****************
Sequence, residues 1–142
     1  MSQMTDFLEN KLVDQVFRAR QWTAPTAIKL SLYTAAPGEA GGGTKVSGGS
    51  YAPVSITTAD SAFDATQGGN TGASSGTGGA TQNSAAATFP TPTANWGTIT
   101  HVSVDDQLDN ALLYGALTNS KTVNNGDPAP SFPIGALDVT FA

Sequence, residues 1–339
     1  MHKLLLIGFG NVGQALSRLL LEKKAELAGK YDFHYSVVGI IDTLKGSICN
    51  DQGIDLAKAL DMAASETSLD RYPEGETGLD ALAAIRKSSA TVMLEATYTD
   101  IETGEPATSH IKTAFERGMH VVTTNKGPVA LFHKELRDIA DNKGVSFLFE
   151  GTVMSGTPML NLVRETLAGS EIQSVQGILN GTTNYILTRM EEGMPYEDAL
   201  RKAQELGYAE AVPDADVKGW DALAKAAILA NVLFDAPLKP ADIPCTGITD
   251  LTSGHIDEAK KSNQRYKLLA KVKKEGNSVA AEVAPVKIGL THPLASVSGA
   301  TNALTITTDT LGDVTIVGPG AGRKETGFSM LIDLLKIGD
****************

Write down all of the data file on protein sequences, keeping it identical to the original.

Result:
Sequence, residues 1–142
     1  MSQMTDFLEN KLVDQVFRAR QWTAPTAIKL SLYTAAPGEA GGGTKVSGGS
    51  YAPVSITTAD SAFDATQGGN TGASSGTGGA TQNSAAATFP TPTANWGTIT
   101  HVSVDDQLDN ALLYGALTNS KTVNNGDPAP SFPIGALDVT FA

Sequence, residues 1–339
     1  MHKLLLIGFG NVGQALSRLL LEKKAELAGK YDFHYSVVGI IDTLKGSICN
    51  DQGIDLAKAL DMAASETSLD RYPEGETGLD ALAAIRKSSA TVMLEATYTD
   101  IETGEPATSH IKTAFERGMH VVTTNKGPVA LFHKELRDIA DNKGVSFLFE
   151  GTVMSGTPML NLVRETLAGS EIQSVQGILN GTTNYILTRM EEGMPYEDAL
   201  RKAQELGYAE AVPDADVKGW DALAKAAILA NVLFDAPLKP ADIPCTGITD
   251  LTSGHIDEAK KSNQRYKLLA KVKKEGNSVA AEVAPVKIGL THPLASVSGA
   301  TNALTITTDT LGDVTIVGPG AGRKETGFSM LIDLLKIGD